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Given that I have two variables $\theta,t$, for the varible $t$, $\theta$ always owns several values. Namely, $$\{t,\theta_1,\theta_2,\theta_3,\theta_4...\}$$ where $t$ in the interval$[0,1]$ and $\theta$ in the interval$[0,2\pi]$

My sample data

originalData=
{{0,2.99939,6.16435},{0.010101,3.03635,6.19686},{0.020202,3.07484,6.22946}, 
 {0.030303,3.11493,6.26213},{0.040404,0.011674,3.15666}, 
 {0.0505051,0.0444528,3.20004},{0.0606061,0.0772844,3.24504},
 {0.0707071,0.110179,3.29156},{0.0808081,0.143159,3.33945},
 {0.0909091,0.176258,3.38851},{0.10101,0.209527,3.43847},{0.111111,0.243035,3.48904},
 {0.121212,0.276879,3.53988},{0.131313,0.311186,3.59066},{0.141414,0.346126,3.64109},
 {0.151515,0.381932,3.69088},{0.161616,0.418919,3.73981},{0.171717,0.457536,3.78768},
 {0.181818,0.498437,3.83436},{0.191919,0.54263,3.87976},{0.20202,0.591793,3.92382},
 {0.212121,0.649054,3.96653},{0.222222,0.7215,4.00787},
 {0.232323,1.79066,1.4441,0.834008,4.0479},{0.242424,2.04691,4.08662},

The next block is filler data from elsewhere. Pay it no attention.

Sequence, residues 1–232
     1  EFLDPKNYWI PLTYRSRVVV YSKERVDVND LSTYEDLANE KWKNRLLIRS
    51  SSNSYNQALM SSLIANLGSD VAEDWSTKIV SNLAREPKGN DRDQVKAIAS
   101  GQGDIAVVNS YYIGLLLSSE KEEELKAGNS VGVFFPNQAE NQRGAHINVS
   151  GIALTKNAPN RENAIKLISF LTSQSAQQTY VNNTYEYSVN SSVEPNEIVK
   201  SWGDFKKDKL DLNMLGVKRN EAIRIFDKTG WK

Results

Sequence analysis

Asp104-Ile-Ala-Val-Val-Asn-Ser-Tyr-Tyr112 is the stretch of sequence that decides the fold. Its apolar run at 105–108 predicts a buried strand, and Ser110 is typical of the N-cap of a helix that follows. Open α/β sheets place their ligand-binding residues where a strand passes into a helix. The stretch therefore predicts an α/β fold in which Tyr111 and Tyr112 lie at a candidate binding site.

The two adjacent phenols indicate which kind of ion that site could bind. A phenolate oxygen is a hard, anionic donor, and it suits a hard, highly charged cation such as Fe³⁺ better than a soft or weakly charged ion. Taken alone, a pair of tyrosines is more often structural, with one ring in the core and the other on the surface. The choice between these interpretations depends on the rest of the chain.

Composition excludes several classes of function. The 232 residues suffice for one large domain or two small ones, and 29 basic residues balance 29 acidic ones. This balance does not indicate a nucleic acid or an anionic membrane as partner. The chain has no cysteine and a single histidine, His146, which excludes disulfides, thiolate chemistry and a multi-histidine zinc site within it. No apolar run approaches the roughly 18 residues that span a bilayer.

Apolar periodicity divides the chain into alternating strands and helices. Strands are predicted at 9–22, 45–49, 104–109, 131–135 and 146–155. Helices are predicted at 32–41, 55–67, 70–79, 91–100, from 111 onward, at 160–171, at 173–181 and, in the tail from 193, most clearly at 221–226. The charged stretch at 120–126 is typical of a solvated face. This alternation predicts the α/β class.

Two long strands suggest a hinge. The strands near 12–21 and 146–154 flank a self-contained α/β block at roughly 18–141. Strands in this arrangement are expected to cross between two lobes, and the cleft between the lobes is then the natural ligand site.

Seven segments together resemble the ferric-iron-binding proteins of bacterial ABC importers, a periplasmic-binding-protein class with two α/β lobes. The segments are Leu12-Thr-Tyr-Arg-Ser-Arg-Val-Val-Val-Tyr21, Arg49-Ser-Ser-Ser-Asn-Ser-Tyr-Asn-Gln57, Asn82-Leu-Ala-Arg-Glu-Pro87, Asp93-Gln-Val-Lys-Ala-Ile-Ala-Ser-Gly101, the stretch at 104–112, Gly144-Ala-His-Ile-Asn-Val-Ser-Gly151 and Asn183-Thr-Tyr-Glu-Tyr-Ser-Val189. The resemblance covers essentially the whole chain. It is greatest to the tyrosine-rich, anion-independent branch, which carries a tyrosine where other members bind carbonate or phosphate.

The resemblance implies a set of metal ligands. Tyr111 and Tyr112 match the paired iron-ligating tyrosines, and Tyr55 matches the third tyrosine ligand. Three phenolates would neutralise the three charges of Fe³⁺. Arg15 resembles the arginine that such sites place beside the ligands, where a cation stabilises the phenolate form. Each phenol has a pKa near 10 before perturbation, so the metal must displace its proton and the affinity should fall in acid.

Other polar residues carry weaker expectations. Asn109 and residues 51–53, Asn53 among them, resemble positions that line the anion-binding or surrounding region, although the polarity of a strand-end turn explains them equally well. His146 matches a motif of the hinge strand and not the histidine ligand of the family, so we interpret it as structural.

{0.252525,2.17701,4.12412},{0.262626,2.27155,4.16044},
 {0.272727,2.3473,4.19565},{0.282828,2.41109,4.22982},{0.292929,2.46649,4.26302},
 {0.30303,2.51566,4.29532},{0.313131,2.56,4.3268},{0.323232,2.60048,4.35752},
 {0.333333,2.63783,4.38756},{0.343434,2.67258,4.41699},{0.353535,2.70514,4.44588},
 {0.363636,2.73583,4.47429},{0.373737,2.76491,4.5023},{0.383838,2.79261,4.52997},
 {0.393939,2.81908,4.55739},{0.40404,2.84448,4.58461},{0.414141,2.86894,4.61171},
 {0.424242,2.89255,4.63878},{0.434343,2.91541,4.66589},{0.444444,2.9376,4.69313}, 
 {0.454545,2.95918,4.7206},{0.464646,2.9802,4.74841},{0.474747,3.00073,4.77666},
 {0.484848,3.02081,4.8055},{0.494949,3.04048,4.83508},{0.505051,3.05977,4.86559},
 {0.515152,3.07872,4.89726},{0.525253,3.09736,4.93036},